Flourscent red or magenta wool
Body
Black floss
Rib
Oval silver tinsel (medium)
Body hackle
Red body feather from golden pheasant. The fibres should be 1.5 times longer than the body.
Wing
Originally only golden pheasant tail fibres over golden pheasant tippet. The updated version also includes a supporting underwing of yellow white tipped squirrel. The wing should be flat, laying low over the body and just exceeding the hook bend.
Throat
Small bunch of teal fibres.
Difficulty: 
Medium

Tying tips

To make the fly perfect the wing should be tied spey style, lying flat over the underwing as a roof.
The body hackle should be sparse and wrapped maximum 2-3 times over the body.

Tips from Jan Grünwald

I talked to Jan while writing the article, and he added these notes to the pattern and the tying sequence:
To imitate the bright red legs of the big stone fly it may be even better to use a pheasant body feather dyed hot red.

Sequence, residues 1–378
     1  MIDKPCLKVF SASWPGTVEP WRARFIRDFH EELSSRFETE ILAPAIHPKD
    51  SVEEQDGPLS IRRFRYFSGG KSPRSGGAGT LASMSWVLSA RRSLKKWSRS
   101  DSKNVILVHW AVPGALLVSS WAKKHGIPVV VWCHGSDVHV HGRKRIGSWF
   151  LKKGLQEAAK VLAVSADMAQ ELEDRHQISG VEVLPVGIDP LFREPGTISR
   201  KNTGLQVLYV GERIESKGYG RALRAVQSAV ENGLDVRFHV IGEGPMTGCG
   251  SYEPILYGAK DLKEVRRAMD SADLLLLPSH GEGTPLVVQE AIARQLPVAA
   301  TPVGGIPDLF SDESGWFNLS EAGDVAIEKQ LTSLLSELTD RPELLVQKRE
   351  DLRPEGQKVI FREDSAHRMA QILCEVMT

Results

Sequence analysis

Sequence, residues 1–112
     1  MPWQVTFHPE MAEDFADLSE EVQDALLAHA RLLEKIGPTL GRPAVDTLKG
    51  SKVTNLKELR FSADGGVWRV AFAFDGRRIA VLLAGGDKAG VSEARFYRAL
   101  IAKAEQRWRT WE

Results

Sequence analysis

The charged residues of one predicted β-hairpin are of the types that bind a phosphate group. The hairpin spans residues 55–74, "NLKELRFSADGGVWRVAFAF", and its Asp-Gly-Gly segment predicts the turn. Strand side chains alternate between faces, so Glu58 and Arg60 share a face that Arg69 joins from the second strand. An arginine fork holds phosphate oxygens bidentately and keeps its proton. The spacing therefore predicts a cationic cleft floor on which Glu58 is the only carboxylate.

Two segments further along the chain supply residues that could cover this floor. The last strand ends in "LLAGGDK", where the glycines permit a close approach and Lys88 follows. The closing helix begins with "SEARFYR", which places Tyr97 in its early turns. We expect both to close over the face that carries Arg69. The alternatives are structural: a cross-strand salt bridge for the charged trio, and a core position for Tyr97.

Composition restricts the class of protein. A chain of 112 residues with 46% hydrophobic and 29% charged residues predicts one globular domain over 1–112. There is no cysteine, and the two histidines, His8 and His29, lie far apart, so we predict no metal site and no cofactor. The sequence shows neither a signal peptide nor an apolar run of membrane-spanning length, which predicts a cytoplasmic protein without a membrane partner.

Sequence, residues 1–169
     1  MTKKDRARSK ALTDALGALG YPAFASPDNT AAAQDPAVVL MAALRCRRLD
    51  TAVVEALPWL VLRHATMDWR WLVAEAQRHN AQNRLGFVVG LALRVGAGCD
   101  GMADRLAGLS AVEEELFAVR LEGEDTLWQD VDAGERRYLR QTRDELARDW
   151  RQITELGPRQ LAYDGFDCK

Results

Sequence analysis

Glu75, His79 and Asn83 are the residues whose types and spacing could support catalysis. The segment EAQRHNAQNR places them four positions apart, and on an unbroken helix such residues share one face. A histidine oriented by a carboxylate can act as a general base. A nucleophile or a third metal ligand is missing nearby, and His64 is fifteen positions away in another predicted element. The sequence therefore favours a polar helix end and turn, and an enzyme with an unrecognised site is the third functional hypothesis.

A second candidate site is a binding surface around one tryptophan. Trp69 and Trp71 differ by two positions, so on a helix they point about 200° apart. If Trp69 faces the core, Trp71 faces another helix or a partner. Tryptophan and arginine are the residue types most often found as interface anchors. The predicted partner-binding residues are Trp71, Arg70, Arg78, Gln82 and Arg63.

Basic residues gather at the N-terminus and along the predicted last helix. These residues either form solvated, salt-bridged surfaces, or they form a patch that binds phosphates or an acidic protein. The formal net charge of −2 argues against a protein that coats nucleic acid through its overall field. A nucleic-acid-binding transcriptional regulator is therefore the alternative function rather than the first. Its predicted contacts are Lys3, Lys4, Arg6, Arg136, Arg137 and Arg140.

The butt was originally magenta.
Folding the wing is a challenge. The tail fibers from the GP does not stick together well, and a better result may be obtained if the feather is washed gently or steamed.
The shape of the wing needs support, and a bunch of squirrel hair makes it easier to fold a flat, spey-style wing.
The preferred hook was originally a bronze Partridge double trout hook.

Tying instructions

Click on each image for a larger view and details on the tying.

Step 01 - tinsel


Step 02 - glue


Step 03 - tag


Step 04 - wool


Step 05 - butt and rib


Step 06 - thread forward


Step 07 - floss


Step 08 - body


Step 09 - GP feather


Step 10 - continue body


Step 11 - trim floss


Step 12 - hackle